Journal article

iDNA at Sea: Recovery of Whale Shark (Rhincodon typus) Mitochondrial DNA Sequences from the Whale Shark Copepod (Pandarus rhincodonicus) Confirms Global Population Structure

Mark Meekan, Christopher M Austin, Mun H Tan, Nu-Wei V Wei, Adam Miller, Simon J Pierce, David Rowat, Guy Stevens, Tim K Davies, Alessandro Ponzo, Han Ming Gan



The whale shark (Rhincodon typus) is an iconic and endangered species with a broad distribution spanning warm-temperate and tropical oceans. Effective conservation management of the species requires an understanding of the degree of genetic connectivity among populations, which is hampered by the need for sampling that involves invasive techniques. Here, the feasibility of minimally-invasive sampling was explored by isolating and sequencing whale shark DNA from a commensal or possibly parasitic copepod, Pandarus rhincodonicus that occurs on the skin of the host. We successfully recovered mitochondrial control region DNA sequences (~1,000 bp) of the host via DNA extraction and polymerase chai..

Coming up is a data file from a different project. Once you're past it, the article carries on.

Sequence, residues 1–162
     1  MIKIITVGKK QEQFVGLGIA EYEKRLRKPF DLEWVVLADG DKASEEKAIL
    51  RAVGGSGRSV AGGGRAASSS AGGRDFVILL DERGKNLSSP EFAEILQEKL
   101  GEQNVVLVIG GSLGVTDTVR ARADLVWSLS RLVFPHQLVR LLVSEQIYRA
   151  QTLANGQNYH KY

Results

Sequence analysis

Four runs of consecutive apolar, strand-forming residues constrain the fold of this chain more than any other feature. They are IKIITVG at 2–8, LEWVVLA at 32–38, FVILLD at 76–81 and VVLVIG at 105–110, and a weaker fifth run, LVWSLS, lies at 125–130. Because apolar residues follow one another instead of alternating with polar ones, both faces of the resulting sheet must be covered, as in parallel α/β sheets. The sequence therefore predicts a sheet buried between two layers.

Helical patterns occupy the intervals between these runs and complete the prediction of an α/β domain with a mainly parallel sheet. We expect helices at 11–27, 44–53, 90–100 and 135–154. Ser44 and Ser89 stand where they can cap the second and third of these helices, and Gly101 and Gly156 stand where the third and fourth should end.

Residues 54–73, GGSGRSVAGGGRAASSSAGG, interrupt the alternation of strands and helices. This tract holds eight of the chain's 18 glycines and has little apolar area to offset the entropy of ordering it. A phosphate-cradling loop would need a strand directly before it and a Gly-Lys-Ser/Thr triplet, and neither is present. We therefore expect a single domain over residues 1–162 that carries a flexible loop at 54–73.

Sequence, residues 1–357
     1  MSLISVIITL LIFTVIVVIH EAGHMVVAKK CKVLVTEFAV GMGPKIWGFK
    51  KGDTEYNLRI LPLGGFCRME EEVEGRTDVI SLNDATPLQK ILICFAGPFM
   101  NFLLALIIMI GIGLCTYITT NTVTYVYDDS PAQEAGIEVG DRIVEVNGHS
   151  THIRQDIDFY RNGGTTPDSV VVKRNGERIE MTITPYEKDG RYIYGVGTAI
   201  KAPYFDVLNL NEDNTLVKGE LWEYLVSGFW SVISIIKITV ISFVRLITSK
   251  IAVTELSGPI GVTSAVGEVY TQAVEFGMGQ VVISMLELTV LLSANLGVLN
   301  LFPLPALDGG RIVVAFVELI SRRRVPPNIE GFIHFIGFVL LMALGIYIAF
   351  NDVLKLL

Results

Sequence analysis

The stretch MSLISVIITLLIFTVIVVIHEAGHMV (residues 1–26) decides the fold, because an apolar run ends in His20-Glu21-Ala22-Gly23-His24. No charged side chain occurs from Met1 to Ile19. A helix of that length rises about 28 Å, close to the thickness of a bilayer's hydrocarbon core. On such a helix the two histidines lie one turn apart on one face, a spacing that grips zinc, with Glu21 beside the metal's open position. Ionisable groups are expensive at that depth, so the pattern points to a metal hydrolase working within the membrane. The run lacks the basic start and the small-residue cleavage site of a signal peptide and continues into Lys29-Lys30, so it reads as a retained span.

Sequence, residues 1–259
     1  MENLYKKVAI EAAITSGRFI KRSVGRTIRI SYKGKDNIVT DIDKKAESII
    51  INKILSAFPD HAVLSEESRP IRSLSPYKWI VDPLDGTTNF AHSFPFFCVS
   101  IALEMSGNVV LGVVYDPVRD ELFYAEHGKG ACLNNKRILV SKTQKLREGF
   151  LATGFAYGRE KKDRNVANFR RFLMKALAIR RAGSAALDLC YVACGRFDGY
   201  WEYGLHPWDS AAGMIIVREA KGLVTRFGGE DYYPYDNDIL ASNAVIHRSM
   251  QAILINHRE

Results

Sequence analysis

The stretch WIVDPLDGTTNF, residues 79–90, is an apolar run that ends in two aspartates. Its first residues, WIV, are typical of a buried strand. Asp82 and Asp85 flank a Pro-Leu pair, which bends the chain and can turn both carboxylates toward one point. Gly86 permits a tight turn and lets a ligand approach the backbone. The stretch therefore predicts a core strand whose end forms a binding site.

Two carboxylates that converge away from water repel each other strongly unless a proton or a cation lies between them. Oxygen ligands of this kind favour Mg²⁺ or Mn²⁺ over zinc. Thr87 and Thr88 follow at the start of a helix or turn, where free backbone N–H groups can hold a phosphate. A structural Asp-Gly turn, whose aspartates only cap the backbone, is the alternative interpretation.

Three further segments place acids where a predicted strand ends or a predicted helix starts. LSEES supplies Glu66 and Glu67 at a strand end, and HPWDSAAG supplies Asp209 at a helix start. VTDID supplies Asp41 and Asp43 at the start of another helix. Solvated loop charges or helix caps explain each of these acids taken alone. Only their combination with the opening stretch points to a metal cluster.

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University of Melbourne Researchers


Funding Acknowledgements

Funding for this study was provided by the SeaWorld Research and Rescue Foundation, the Save our Seas Foundation, the Monash University Malaysia Tropical Medicine and Biology Platform, Monash University Malaysia School of Science, Quadrant Energy, Australian Institute of Marine Science, The Western Australian Department of Environment and Conservation, The Four Seasons Resorts Maldives. Funding for SP came from Aqua-Firma, the Shark Foundation, the Save Our Seas Foundation and two private trusts.